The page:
This thick book is the first supplement to the Handbook of Amazonian languages (henceforward, HAL) to appear in nearly a decade. Building upon the best tradition of missionary-inspired descriptive linguistic work fostered in connection with Summer Institute of Linguistics (SIL) activities, editors Desmond Derbyshire and Geoffrey Pullum launched HAL during the mid1980s as a means of attracting scholarly attention to one of the world's most persistently ignored linguistic areas. With the appearance of Vol. 4, HAL coverage of the Amazon now increases to three typological studies, four historical-comparative analyses, and ten grammatical descriptions of languages belonging to eight different genetic groupings. Unfortunately, this tally barely begins to approach exhaustive coverage of the region, since the rain forests of South America are home to at least 300 languages divided among about 20 families and two dozen isolates. Nevertheless, given the spate of new publications on Amazonian languages over the past decade, many by linguists with SIL affiliation or who were inspired by exposure to earlier volumes of HAL, the series has clearly achieved the goal of drawing the serious attention of a growing number of linguists to the Amazon.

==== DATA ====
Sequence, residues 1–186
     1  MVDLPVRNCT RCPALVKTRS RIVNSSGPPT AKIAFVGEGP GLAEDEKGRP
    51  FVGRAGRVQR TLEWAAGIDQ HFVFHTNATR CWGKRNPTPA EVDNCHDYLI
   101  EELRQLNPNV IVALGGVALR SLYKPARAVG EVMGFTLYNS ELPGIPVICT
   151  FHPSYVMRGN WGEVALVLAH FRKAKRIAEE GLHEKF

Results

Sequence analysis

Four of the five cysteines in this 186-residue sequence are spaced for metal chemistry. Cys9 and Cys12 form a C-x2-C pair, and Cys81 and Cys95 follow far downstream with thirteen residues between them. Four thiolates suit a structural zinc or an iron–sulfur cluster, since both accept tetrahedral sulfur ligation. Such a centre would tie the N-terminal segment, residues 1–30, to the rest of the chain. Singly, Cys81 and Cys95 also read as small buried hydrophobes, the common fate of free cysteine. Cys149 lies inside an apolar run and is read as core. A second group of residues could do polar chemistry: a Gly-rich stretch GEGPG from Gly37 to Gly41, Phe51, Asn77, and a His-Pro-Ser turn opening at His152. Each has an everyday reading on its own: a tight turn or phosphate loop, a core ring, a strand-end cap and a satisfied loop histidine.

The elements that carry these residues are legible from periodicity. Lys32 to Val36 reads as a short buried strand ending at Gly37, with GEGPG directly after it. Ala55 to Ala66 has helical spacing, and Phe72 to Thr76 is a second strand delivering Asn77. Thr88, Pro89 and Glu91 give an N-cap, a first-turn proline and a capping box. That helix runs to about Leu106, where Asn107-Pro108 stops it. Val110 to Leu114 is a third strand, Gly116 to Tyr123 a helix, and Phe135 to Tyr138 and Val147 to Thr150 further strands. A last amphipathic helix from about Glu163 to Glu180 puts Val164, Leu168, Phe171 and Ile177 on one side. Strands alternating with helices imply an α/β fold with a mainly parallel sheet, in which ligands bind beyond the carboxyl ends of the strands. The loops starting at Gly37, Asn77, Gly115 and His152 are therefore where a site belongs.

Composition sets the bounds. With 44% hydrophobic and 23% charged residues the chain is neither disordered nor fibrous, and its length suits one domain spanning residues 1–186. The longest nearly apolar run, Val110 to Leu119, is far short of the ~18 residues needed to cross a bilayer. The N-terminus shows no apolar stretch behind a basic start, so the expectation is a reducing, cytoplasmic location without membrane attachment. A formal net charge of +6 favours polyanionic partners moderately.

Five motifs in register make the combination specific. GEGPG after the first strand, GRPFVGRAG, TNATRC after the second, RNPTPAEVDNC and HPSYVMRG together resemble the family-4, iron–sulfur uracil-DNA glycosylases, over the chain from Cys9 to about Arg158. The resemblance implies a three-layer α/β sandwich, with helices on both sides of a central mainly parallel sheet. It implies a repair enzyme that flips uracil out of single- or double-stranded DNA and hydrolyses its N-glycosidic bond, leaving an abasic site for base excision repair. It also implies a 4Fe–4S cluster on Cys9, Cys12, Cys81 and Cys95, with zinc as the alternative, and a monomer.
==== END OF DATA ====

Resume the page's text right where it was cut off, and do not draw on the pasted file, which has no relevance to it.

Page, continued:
Journal of Linguistics
Required Publisher's Statement
Copyright 2001 Cambridge University Press. The original published version may be found at http://dx.doi.org/10.1017/S0022226701238766.
Vajda, Edward J., "Review of: Handbook of Amazonian Languages" (2001). Modern & Classical Languages. 34.
Subjects - Topical (LCSH)
Indians of South America--Brazil--Languages; Amazon River Region--Languages
Brazil; Amazon River Region